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FILE - In this Monday, May, 1, 2017, file photo, law enforcement officers secure the scene after a fatal stabbing attack on the University of Texas campus. The nightmare scenario of a knife wielding attacker put Texas' college campus concealed carry law to the test but provided no real conclusion. Both gun rights and gun control activists insist the attack bolstered their argument that guns do or don't belong on campus. (Tamir Kalifa/Austin American-Statesman via AP)
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University of Texas stabbings put campus carry law to test

FILE - In this Monday, May, 1, 2017, file photo, law enforcement officers secure the scene after a fatal stabbing attack on the University of Texas campus. The nightmare scenario of a knife wielding attacker put Texas' college campus concealed carry law to the test but provided no real conclusion. Both gun rights and gun control activists insist the attack bolstered their argument that guns do or don't belong on campus. (Tamir Kalifa/Austin American-Statesman via AP)

AUSTIN, Texas (AP) — It was the nightmare scenario that had been at the heart of the debate over Texas’ new law allowing concealed handguns on college campuses: a knife-wielding attacker stabbing and slashing his way through a crowd of panicked students.

But no gun-toting student or professor pulled a pistol to stop the man in his tracks. No shots were fired and no gun was even drawn until police swarmed in to subdue the suspect at the University of Texas, where one student was killed and three more wounded by a 21-year-old classmate with a knife and a reported history of mental health problems.

Texas’ new campus carry law was put to the ultimate test but provided no real conclusion — with both gun rights and gun control activists insisting Monday’s attack bolstered their argument that guns do or don’t belong at college.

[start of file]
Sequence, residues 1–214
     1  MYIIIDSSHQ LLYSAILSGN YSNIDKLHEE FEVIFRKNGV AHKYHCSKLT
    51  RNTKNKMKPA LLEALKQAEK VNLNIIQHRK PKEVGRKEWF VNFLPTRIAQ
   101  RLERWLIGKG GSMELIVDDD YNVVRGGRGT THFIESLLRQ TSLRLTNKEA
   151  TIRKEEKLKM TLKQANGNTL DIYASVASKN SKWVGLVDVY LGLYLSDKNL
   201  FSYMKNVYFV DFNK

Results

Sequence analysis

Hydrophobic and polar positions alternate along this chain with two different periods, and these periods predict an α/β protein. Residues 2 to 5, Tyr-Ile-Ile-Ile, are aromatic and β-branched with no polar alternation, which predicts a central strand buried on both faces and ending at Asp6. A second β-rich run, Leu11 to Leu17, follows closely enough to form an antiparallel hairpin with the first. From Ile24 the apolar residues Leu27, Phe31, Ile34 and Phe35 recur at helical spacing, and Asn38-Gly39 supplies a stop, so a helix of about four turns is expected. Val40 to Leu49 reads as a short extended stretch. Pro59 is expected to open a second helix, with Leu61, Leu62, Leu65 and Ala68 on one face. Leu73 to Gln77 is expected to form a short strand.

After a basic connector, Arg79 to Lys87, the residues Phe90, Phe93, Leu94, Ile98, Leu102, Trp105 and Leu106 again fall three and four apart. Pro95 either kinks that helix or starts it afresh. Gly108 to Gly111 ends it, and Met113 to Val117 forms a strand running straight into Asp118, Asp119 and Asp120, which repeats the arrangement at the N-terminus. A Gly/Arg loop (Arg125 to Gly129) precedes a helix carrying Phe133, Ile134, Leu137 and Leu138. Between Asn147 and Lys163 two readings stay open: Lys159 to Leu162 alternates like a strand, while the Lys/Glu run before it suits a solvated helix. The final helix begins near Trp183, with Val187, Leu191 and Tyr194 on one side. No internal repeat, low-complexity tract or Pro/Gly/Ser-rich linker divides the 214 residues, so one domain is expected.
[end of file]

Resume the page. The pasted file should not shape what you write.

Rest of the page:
“Had there been firearms added to that mix, it would have been far more disastrous,” said Susan Schorn, a writing instructor at the University of Texas who has been involved in the Gun-Free UT group that had lobbied against the campus carry law, which was approved by Texas’ Republican-controlled Legislature in 2015.

C.J. Grisham sees just the opposite. The founder of Open Carry Texas, which seeks to expand gun rights, said the campus carry law is still too restrictive. If more students were allowed to carry weapons, he argues, the stabber could have been stopped sooner, even if no one pulled a trigger.

“When you produce a handgun, it immediately stops the aggression, just showing it,” Grisham said. “Gun owners I know aren’t itching to shoot somebody. They want to defend themselves,”

According to police, Texas student Kendrex J. White used a large “Bowie-style” knife in an early-afternoon attack in the heart of campus.

Police say White walked into a tree-covered plaza of picnic tables outside a student activity center and fatally stabbed first-year student Harrison Brown, then worked his way through the crowd. Another victim was stabbed in the head at a picnic table. Another was struck while standing in line at a food truck. One witness described seeing White standing and waving his knife above his head as students fled.

White crossed the street and briefly made it into a dorm and classroom complex, where police say he was apprehended by officers who arrived within 90 seconds of the first emergency call.

University of Texas Police Chief David Carter said police believe White had a “mental health issue” and had been involuntarily committed a few weeks before the attack, but Carter did not elaborate. White, who has been charged with murder, told officers he didn’t remember the attack, according to court documents.

Texas is the most populous state to allow people to carry guns onto university campuses. Debate raged for years before the measure was approved, and the Austin campus was the focus of sometimes outlandish demonstrations and lawsuits. Some of the school’s key academic leaders chose to leave rather than allow guns in their classrooms.

Opponents protested by openly carrying sex toys to class. Supporters staged a mock shooting to demonstrate how an attacker with a gun could pick off multiple victims before police arrived. Three professors sued to block the law, but their case was dismissed.

Under the law, license holders must at least 21 years old (18 if in the military) to carry a gun onto campus, eliminating most of the nearly 50,000 students.

Grisham advocates allowing people to carry a gun just about anywhere without a license.

“All unlicensed carry does is even the playing field,” Grisham said.

Mia Carter, an associate English professor and one of the plaintiffs who unsuccessfully sued to block the law, argues that would have led to more bloodshed. She pointed to social media-fed rumors of other attacks near campus, including a reported stabbing that police later determined was false. Tensions at the university remained high even after White was arrested and classes were canceled for the day.

“People were posting rumors that the attacker was Muslim, that he was targeting fraternity members,” Carter said. With more guns, she said, “We could have had a terrible tragedy compounded.”

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